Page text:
Northern Ireland: A Movement Going Nowhere Fast

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The IRA's recent withdrawal of their offer to put their arms 'beyond use' might have been expected to cause widespread panic about the future of the peace process. Yet after some initial alarm, there is a feeling of 'business as usual' or rather a lack of business.

All the initial enthusiasm for the peace process has waned and been replaced by a frustrating impasse. There is no doubt that the various shades of Ulster Unionists, all too often assisted by the acquiescence of the British government, have been mainly responsible for this.

David Trimble's Ulster Unionist Party, while apparently in favour of the process, continually placed obstacles and barriers to progress. As Sinn Fein and the IRA either conformed or attempted to compromise in the face of their intransigence, Trimble kept inventing new barriers and demands.

In the end Trimble's lukewarm support for the process backfired on him. As a result, much of the electorate abandoned this drip-by-drip opposition to the process and instead embraced the wholehearted opposition of Ian Paisley's Democratic Unionist Party.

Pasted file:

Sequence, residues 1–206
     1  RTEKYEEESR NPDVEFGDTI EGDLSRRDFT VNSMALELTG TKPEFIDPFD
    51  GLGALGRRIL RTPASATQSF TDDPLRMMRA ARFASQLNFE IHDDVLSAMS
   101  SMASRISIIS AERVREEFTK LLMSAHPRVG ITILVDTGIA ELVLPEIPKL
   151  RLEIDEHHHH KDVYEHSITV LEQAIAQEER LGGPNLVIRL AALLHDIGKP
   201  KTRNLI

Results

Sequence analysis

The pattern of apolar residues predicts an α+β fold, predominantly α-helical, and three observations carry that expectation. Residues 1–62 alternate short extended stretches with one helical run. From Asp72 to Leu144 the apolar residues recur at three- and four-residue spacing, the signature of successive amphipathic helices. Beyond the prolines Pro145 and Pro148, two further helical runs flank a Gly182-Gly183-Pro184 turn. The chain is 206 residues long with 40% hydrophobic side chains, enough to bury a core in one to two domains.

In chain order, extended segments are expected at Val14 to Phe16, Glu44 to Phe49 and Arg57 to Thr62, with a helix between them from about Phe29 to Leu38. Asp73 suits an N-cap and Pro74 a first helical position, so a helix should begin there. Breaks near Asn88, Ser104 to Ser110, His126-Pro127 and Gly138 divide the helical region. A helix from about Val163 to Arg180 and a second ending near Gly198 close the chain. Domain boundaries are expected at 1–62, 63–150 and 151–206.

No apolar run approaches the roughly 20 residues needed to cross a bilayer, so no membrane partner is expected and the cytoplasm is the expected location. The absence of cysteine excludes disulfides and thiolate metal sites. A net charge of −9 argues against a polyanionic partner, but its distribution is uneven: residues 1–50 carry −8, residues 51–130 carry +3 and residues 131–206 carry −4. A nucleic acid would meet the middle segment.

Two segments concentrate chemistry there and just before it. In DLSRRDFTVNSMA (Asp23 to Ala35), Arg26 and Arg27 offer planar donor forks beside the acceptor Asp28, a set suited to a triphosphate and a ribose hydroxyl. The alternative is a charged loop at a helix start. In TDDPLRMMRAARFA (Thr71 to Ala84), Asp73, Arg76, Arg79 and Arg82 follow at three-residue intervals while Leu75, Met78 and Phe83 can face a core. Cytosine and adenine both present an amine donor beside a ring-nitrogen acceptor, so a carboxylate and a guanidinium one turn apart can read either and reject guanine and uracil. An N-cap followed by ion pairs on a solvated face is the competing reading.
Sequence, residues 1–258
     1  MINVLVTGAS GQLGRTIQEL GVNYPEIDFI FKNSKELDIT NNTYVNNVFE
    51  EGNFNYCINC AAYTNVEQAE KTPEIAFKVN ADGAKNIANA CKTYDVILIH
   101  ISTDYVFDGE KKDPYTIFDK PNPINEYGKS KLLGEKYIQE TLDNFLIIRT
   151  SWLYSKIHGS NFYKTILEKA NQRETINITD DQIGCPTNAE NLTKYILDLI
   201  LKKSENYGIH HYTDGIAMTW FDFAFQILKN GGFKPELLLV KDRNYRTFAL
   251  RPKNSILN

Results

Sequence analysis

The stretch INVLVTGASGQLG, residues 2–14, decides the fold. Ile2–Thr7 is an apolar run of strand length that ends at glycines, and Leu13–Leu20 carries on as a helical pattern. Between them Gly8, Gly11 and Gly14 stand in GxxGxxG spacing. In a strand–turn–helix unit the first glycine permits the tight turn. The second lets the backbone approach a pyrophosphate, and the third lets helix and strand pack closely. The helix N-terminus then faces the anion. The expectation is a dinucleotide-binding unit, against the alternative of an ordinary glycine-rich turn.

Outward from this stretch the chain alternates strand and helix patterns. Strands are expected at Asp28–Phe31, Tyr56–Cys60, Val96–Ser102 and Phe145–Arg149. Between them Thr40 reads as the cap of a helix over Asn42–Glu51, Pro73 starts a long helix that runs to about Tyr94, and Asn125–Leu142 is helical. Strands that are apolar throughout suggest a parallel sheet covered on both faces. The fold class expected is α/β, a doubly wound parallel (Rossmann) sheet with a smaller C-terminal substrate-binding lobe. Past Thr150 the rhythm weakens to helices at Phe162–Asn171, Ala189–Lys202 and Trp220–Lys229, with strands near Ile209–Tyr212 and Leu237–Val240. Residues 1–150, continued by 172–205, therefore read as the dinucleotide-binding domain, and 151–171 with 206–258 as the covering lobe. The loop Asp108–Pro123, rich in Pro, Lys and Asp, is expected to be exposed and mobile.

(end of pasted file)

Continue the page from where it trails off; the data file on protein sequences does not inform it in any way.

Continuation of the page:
The DUP's 'peace terms' included public humiliation and abject defeat for the IRA. They were 'criminals' who would have to grovel about their past before Sinn Fein would be allowed into government. This was a step too far even for a Republican leadership that has bent over backwards to make the process work. Hence the Unionists are now demanding a restoration of the Assembly, but with Sinn Fein excluded. Given that Sinn Fein now enjoys the majority of the Nationalist vote, this is simply unworkable.

All of which leaves the situation at a standstill. It used to be said during one period of the 'troubles' that the British government would regard their policy as successful if they could achieve 'an acceptable level of violence'. Now it would appear there is an acceptable level of stalemate: a process going nowhere, but with an absence of armed struggle.

This may be acceptable to the two governments, and even elements of Unionism, but for Sinn Fein it is not good news. The Adams/McGuinness leadership went to enormous lengths to persuade Republicans that this would allow them into the corridors of power and be an important stepping-stone to the dream of a united Ireland.

Despite dropping 'abstention from partitionist parliaments', calling a ceasefire, decommissioning weapons, acknowledging the end of the armed struggle, and effectively admitting a united Ireland can only come with the consent of the Northern population, Sinn Fein finds itself locked out of office. There is a feeling that this is a movement which has had its teeth extracted. A few years ago an announcement by the IRA that it was withdrawing its offer to put arms beyond use would have sent shivers down the spine of the British and Irish political establishments and created hysteria in the media. Now, however, the statement was greeted with complacent scepticism. 'Throwing the dummy out of the pram' was a phrase that was frequently used by government spokespeople.